Thursday, 22 October 2009

Reds in 'Crisis' is just press hyperbole

The past few days has been difficult for Liverpool fans and the defeats have been hard to take. The press who have taken the form of the school yard bullies shouting abuse from the back of the bus, have delighted in the Reds loss of form, filling their newspapers with stories, articles, analysis and expert opinion. Most are sharpening their axes claiming Liverpool's season is on the brink of collapse. The press are not known for changing their tune, as they wrote off Liverpool after their third match, ten days into the current Premier League season. Eight weeks ago the headline where: -

"Are Liverpool already out of this year's title race?" - The Guardian

"Crisis looms as Rafael Benítez hunts for answers" - The Telegraph

Eight weeks later and nothing has changed: -

"Liverpool in crisis: the problems facing Rafael Benitez" - The Telegraph

"Rafael Benítez: 10 mistakes that have cost Liverpool" - The Guardian

A 'crisis' is always on the 'brink' according to the newspapers, as that is always what they write about. The Guardian has practically ran a poll every other week asking if Benitez was to blame for the current lull in form and if Liverpool's title challenge was already over.

The papers, salivating at the prospect of axing a massive scalp, smell blood and Liverpool football club is as big as they come.

But lets step back from the baying crowds, forming a circle with their attention screaming headlines and look at the situation with objective calmness.

There is almost seven months left of the Premier League Season to play.

29 Premiership matches remain to be played, totalling 87 points left to earn.

Liverpool after nine matches, have currently earned: 15 points.

Manchester United after nine games last season had accumulated: 18 points.

Although the currents slump in form is agonising for the fans and the way the team is playing is of deep concern, 'Crisis' is hardly the correct description. The current 'normal' thing to do with teams in this situation is to 'sack' the manager and this is where it appears common sense has left the building, screaming all the way to the funny farm. What happened to:

'Analysing the situation', 'identifying problems' and 'working harder to solve them'?

Unfortunately these otherwise 'normal' pursuits have been abandoned in place of a press invented, gladiator style spectator sport, where extreme actions are the only remaining option.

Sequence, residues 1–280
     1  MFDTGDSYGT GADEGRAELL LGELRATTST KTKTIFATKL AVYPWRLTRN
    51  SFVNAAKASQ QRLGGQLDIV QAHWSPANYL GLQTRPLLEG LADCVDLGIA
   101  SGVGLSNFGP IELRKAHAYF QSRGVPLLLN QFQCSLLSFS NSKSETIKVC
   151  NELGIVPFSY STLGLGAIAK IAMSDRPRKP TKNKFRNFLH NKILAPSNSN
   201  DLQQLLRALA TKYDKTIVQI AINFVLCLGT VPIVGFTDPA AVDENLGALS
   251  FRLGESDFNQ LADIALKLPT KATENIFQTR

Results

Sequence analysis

The cheap and easy route is sacking, with no guaranteed replacement. Dalglish and Mourinho are names that have have been thrown around, but would the 'special one' really come to a club whose owners promise 'big money', but actually deliver 'little money'? Mourinho is without question a gifted manager, but he is more interested in his own personal goals then the long term plans of the club that employs him. One suspects managing Liverpool football club would only be another notch on Mourinho's bed post.

Dalglish, a known supporter of Benitez, who last managed over a decade ago, would be privy to Rafa's problems with the owners and the clubs finances, would never return to managing the club. Although Dalglish remains the fans favourite and the mere mention of his name induces romantic notions of the 'king' returning to his sleeping kingdom to rescue it from its plight, a more sober view is needed.

Rafael Benitez is well known as a man that eats, sleeps and thinks football 24/7. He commonly works 12-14 hour days, or even longer when there are massive matches on the horizon. His office is stacked high with DVD's and video cassette's of matches of up-coming opponents, previous LFC matches and players to watch. He analyzes victories as well as defeats, scrutinising every aspect of the game in order to pin point why a match was won or lost. In short, he is a workaholic striving for excellence in his team and has the best interests of the club at heart.

The club, the players, coaching staff and fans must all support one another during the hardest times, because how you overcome adversity defines who you are.

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